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Yet those Muslims who have recently trashed music stores and brutalized musicians in Mali, Pakistan, Afghanistan, and elsewhere would dispute the very idea that such music – and particularly such joyful, exuberant, and strikingly individual, original music – should be or could be an instrument of dawah. And they would do so with good reason. Those who constructed the legends of the prophet of Islam knew what they were about when they depicted him forbidding music. They knew that music would not serve the purposes of their martial, expansionist society, for it would blunt the fighting edge of the mujahedin. They knew, as Lenin would come to know centuries later, that the just society on this earth could only be established by means of a reign of terror: “One must break heads, pitilessly break heads.”

As Muhammad himself put it, “I have been made victorious through terror” (Bukhari 4.52.220). That’s the core reason why Islamic law is hostile to music. Music brings joy, and joy is the opposite of terror. It’s no wonder, then, that the Ayatollah Khomeini said: “There is no fun in Islam. There can be no fun and joy in whatever is serious.”

He probably wasn’t much of a jazz fan, either.

Updated: See Part 2 of Jazz and Islam:

5 Exhilirating Jazz Improvisations To Unshackle Your Spirit

****

Previously from Robert Spencer at PJ Lifestyle:

Building Bridges Between Christians and Muslims: A Case Study

Robert Spencer is the director of Jihad Watch and author of the New York Times bestsellers The Politically Incorrect Guide to Islam (and the Crusades) and The Truth About Muhammad. His latest book is Arab Winter Comes to America: The Truth About the War We’re In.
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But there is such a wealth of music in the Arab and Persian world. Who cares what some cramped, neurotic religious freak has to say? It will never diminish the sheer grandeur of the Persian santur. I listen to modern (and classical) Farsi and Arab music all the time. I think it's a feature of their cultures worth celebrating.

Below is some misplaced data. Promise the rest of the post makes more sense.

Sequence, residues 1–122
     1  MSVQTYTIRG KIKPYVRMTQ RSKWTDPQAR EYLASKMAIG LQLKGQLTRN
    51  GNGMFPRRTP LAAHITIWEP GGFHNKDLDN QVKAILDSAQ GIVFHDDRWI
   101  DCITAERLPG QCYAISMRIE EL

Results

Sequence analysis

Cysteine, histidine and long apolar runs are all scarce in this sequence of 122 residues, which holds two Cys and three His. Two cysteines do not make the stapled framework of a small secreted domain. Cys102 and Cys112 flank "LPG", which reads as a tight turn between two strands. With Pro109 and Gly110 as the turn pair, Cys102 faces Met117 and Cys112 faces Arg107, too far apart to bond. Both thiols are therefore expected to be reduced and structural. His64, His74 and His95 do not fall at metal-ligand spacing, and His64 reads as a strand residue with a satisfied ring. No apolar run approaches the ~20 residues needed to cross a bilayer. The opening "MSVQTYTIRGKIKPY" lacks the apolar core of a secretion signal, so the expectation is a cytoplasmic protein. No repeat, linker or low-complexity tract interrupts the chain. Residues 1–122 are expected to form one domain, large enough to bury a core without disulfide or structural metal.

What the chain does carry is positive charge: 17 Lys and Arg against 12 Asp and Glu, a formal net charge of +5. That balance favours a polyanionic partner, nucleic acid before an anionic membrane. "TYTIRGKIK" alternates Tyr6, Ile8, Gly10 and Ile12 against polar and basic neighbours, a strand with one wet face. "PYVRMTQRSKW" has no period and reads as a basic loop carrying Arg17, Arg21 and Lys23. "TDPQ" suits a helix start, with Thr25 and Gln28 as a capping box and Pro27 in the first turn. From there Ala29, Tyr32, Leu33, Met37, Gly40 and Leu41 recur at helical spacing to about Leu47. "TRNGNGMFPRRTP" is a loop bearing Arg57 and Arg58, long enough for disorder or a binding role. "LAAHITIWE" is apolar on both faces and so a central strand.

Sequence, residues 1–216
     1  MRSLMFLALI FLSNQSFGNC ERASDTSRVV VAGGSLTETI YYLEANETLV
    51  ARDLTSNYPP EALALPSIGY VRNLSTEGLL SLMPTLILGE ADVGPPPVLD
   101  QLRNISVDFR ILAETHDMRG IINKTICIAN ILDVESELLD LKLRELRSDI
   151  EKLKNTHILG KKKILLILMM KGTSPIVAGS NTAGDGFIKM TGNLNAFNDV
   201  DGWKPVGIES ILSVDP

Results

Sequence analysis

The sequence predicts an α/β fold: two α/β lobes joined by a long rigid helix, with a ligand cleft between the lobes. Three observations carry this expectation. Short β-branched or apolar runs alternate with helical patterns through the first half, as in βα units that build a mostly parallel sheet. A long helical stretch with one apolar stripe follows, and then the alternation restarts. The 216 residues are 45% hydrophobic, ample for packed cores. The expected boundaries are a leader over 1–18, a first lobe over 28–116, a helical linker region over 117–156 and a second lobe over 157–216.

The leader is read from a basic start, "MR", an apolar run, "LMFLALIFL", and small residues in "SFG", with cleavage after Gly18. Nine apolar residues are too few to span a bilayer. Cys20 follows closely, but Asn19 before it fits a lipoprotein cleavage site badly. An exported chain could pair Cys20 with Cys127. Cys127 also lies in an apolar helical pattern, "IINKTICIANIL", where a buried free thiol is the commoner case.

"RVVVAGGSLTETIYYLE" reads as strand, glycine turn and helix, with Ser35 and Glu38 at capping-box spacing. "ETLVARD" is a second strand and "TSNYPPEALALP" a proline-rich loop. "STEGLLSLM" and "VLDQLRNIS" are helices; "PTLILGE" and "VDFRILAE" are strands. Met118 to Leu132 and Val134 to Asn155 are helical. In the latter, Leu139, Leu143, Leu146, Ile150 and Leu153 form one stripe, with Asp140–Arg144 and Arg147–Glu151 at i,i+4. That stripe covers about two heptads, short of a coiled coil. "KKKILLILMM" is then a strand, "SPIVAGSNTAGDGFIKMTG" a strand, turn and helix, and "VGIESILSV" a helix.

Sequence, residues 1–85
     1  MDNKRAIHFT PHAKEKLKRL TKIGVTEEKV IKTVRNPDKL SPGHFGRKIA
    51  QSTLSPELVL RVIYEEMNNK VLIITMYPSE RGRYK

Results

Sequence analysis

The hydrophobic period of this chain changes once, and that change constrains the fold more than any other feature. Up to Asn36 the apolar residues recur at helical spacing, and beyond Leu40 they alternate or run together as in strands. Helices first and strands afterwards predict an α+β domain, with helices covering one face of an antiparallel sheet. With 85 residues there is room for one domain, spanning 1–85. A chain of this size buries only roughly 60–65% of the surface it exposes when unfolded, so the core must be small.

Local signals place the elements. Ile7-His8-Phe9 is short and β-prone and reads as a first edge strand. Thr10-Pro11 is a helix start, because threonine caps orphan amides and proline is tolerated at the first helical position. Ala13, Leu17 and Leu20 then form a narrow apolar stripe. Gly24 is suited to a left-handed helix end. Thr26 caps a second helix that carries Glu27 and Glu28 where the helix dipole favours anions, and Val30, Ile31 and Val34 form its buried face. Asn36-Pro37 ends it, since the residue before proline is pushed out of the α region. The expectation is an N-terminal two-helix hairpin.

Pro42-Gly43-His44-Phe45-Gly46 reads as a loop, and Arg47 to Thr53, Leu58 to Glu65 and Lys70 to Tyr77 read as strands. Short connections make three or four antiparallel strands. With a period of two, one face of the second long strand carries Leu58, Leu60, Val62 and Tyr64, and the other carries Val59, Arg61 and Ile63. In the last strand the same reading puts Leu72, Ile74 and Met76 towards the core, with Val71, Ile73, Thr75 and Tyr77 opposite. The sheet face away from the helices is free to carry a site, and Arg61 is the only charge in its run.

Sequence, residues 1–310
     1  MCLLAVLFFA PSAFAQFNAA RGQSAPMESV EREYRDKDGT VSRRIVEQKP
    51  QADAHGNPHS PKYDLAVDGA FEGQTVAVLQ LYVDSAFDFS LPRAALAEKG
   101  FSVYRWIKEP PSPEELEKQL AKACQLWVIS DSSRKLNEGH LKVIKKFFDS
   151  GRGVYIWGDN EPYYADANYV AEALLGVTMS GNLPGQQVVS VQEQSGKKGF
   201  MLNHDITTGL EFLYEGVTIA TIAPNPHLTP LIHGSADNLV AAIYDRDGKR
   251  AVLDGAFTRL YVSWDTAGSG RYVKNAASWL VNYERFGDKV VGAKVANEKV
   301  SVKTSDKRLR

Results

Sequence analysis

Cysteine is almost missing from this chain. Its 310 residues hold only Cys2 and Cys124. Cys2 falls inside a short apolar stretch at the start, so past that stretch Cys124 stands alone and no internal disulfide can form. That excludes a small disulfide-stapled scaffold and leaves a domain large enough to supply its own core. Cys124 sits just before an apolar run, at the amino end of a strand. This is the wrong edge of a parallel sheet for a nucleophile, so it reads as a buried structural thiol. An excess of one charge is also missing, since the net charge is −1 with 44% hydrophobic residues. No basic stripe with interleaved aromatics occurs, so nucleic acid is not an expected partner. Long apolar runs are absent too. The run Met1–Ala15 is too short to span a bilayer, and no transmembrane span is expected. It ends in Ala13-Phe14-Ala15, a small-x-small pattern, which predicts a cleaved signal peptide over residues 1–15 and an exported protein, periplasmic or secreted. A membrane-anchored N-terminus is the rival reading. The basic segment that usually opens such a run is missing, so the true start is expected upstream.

1 year ago
1 year ago Link To Comment
Chairman Mao banned most forms of music. Ayatollah Khomeini banned western music. Plato, the grandfather of totalitarianism, said the Philsopher King would ban musical instruments capable of changing keys. Dogmas that believe in thought control also believe in controlling music.
http://www.jochnowitz.net/Essays/Plato.html
1 year ago
1 year ago Link To Comment
When do we get to start raining stones down upon the Muslims?
1 year ago
1 year ago Link To Comment
To answer the question posed in the headline, perhaps Lenin and Muhammad couldn't even play with themselves.
1 year ago
1 year ago Link To Comment
"Music brings joy, and joy is the opposite of terror."
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Music not only brings joy. It can bring despondency and grief. It can exhilarate. It can depress. It can make you weep. It can put you to sleep.

Music is a catalyst for emotional feelings. It is a trigger. It is very mysterious how that works. But I think the closest analogue would be narcotics or amphetamines. Music can have the same effect.
1 year ago
1 year ago Link To Comment
Actually you guys come close, and I suggest you reread 1984.

What you absolutely have is a calling of one person to another, for any reason, because communication brings trust, in time.

Can't have anything you can't control.

I do wonder too what RickMZ's point is: he would be better gone.
1 year ago
1 year ago Link To Comment
So, Mr. Spencer, anyone yet made an Islamic ruling on whether hip hop is Islamic and hence bannable?
1 year ago
1 year ago Link To Comment
I mean, whether hip hop is music, hence banable
1 year ago
1 year ago Link To Comment
One more proof that collectivism in almost all its forms is elementary evil personified.

Teamwork and cooperation for mutual benefit? Hell, yeah! Suppression of individual spirit and creativity? Bah, humbug!
1 year ago
1 year ago Link To Comment
Make a joyful noise to the Lord.
1 year ago
1 year ago Link To Comment
Now this is fun.

Truthfully, these ideas are by no means limited to Jazz. As you noted, all music is a form of individual expression – though the classic American traditions of Jazz, Blues & Country are perhaps the most free in doing so. It is one of those historical truisms that during the Cold War it was our Rock & Roll culture that was our strongest weapon against the Commies.

I worked in the music industry for ten years, and for me, nothing was more expressive for me than Blues. In fact, while all genres encourage the learning of ‘the classics’ – you know, those old standards everyone loves – Blues encourages you to avoid mimicking said classics as much as possible.

Jazz always held a special place for me too, though there was never a strong market for it here in the South. Personally, I always preferred Swing – the big orchestras led by Glenn Miller and Benny Goodman. I’d be curious to see your opinions of blues and swing, Mr. Spencer.
1 year ago
1 year ago Link To Comment